Here is just a small list of thoughts that may help you better understand your customer. There are many more that may fit better for you.
How is their day going? Not just your standard meet & greet question “how ya doing?” but are they focusing on your sales visit or is it elsewhere?
Are they feeling appreciated, burdened and overworked?
What is expected of them? Not just their job description, but from their company, themselves.
How are they evaluated? What are their goals? What do they have to deliver to get recognition, promotion or financial reward? What is their company culture? How do they view vendors? Does their personality and business style match their company’s culture and position? By not having empathy for your buyer, they won’t trust you to share their real problems. By not understanding what challenges your customers have, most likely your solutions will be wrong. You can’t just ask them what their problems are unless you first built a trusting relationship built on empathy. If you do, most likely the problem they have is…”the price is too high”.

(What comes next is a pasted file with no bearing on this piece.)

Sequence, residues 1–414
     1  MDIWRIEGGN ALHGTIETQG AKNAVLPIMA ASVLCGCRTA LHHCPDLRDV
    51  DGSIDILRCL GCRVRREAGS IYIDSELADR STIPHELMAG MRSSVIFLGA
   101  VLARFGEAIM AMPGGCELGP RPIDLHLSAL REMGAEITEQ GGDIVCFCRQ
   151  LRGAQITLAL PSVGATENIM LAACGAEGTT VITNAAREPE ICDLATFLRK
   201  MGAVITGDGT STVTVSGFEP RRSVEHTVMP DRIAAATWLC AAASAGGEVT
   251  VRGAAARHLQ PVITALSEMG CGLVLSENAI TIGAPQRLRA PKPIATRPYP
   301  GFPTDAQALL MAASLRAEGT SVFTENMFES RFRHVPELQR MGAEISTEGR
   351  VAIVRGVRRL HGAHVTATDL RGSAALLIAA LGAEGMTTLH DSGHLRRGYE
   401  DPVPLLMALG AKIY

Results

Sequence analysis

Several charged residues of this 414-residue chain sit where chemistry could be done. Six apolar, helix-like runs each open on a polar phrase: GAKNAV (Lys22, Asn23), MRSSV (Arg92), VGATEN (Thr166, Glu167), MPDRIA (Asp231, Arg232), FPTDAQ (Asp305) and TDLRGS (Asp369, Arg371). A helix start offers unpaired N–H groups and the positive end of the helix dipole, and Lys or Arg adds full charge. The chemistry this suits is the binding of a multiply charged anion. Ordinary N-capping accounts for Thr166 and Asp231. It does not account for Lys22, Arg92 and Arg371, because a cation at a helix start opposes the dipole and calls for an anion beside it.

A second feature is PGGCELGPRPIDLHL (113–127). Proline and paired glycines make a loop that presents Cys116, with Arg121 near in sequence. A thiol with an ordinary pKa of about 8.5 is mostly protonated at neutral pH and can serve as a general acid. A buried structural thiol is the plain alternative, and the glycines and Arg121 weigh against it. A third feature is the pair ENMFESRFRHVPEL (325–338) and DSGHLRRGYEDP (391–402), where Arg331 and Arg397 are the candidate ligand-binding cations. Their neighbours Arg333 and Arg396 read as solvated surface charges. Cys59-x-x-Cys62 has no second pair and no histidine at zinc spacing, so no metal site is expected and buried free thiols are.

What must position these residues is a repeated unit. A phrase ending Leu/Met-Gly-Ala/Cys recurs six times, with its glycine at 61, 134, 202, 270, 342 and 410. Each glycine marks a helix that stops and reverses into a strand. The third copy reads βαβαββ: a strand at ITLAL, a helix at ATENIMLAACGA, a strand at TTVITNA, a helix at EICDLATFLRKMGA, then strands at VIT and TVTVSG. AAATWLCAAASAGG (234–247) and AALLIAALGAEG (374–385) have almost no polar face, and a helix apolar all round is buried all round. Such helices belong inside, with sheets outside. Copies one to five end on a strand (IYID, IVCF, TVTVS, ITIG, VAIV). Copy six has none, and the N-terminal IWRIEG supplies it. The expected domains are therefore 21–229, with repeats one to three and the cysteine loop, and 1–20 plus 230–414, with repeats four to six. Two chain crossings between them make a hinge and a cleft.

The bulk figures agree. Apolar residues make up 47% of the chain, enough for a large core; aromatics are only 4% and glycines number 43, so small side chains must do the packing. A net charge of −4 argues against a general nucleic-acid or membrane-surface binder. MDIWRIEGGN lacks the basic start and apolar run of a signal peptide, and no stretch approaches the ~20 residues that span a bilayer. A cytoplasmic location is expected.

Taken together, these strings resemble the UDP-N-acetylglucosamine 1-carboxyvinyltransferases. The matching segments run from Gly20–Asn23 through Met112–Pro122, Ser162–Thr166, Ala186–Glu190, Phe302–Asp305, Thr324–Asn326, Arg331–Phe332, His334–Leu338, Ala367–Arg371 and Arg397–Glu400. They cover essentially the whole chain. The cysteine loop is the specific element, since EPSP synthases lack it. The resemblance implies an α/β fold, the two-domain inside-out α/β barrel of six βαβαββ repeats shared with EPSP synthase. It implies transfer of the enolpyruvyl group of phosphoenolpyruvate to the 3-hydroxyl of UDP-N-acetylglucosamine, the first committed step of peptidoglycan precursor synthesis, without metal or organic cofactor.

So, understanding your buyer’s frame of reference is key to becoming a trusted advisor and achieving long-term success. Pre-sales call preparation is the key, even for existing customers. Changes happen quickly today so never assume. Researching companies and people is a lot easier today with social media websites, but don’t let that be your only source. These sites can provide a great deal of information. Company websites tell a lot about the organization by how it looks, etc. When researching buyers, stroll down on their LinkedIn page to see what organizations they follow or groups they belong. How many 1st connections do they have? Remember you’re trying to get a better sense of who they are as people and the culture they work in. Talk to people who may have experience with them. Has your company done business with them in the past, maybe with a different origination? Anything to help you prepare to see the world through your customer’s eyes.